The Telegraph is reporting claims that a study has found failing academies are paying other schools to take on disruptive pupils in a bid to boost standards quickly.
Professor Alex Hill, of the Centre for High Performance in Oxford, revealed headteachers are also excluding poor behaving students to rapidly improve a failing academy.
Speaking at the Global Education and Skills Forum in Dubai, Prof Hill presented the findings of a three-year study looking at how to turn around a failing academy, based on information from 160 academies that had all been put into special measures…
Prof Hill said: “The first thing you shouldn’t do is improve teaching first. This is a common mistake. Lots of schools thought that the answer was just to put in great teachers.
“We found that actually, was not a good use of resources. It didn’t make sense to put good teachers into a school that had poor governance, poor leadership, operated across a lot of different sites and had poorly behaving students. Because they couldn’t have the impact they should have.”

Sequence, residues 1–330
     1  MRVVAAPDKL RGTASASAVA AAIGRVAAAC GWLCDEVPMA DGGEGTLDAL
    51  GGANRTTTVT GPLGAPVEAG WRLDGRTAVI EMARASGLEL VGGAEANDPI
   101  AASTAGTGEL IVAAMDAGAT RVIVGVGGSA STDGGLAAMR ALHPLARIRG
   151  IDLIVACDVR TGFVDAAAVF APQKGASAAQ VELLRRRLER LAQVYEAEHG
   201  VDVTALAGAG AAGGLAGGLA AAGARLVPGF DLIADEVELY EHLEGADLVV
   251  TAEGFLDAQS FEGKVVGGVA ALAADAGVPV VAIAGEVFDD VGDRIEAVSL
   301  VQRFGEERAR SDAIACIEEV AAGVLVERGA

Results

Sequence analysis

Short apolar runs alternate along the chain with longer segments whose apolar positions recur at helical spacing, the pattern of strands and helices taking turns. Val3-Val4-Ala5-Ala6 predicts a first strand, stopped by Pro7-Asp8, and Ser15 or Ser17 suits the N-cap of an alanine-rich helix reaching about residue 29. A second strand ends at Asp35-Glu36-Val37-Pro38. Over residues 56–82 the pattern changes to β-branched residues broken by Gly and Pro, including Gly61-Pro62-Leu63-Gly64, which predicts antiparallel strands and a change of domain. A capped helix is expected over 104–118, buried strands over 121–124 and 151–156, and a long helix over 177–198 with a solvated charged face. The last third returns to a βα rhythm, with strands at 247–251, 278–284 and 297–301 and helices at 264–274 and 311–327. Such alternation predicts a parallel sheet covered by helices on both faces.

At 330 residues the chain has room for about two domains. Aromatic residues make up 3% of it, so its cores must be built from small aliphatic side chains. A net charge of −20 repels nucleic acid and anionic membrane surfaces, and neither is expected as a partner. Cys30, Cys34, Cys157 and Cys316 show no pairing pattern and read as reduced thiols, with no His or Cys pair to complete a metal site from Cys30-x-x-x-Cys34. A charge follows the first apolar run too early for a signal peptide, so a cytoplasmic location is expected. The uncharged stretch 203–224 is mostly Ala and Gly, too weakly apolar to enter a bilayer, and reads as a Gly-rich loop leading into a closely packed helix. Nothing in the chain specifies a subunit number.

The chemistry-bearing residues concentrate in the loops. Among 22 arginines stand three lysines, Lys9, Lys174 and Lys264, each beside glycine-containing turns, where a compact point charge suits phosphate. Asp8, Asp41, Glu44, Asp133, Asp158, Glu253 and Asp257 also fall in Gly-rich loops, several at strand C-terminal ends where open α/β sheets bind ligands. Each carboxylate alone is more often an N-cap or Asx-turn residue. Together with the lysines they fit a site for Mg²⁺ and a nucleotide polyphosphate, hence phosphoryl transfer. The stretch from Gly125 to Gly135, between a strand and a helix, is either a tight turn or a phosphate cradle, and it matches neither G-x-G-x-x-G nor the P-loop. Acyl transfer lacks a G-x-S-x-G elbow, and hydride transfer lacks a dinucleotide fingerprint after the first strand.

Schools should also not reduce class sizes, as this has a minimal impact, the academic said, adding that it is more important to improve student behaviour and motivation…
“We found the fastest way to do that, which a lot of the academies do, is to significantly reduce the number of students you teach by excluding poor behaving students, in some instances we found they actually pay other schools to teach those students for them.
“Or, which is quite common practice, you build a new school that’s a lot smaller than the existing school so that you have the opportunity to change the student profile.
“So those are the practices we saw, very common, and that was the fastest way to change your student profile. I think we would all argue, it’s not the right solution for society in the long term.
“A better long-term practice that we saw was to create multiple pathways within the school and to take the poor behaving students and move them into another pathway so that they could be managed differently and then re-integrated when their behaviour improves.”
Prof Hill, who said he has sent his research to the Department for Education, said that part of the challenge for schools is that they are under-pressure to show improvement quickly…
There are obviously some very controversial soundbites in Professor Hill’s comments here but it will be fascinating to see his research in full, assuming it is made available in due course.
Your feedback and reactions on what he has said so far (and there is more on behaviour in the full article)?
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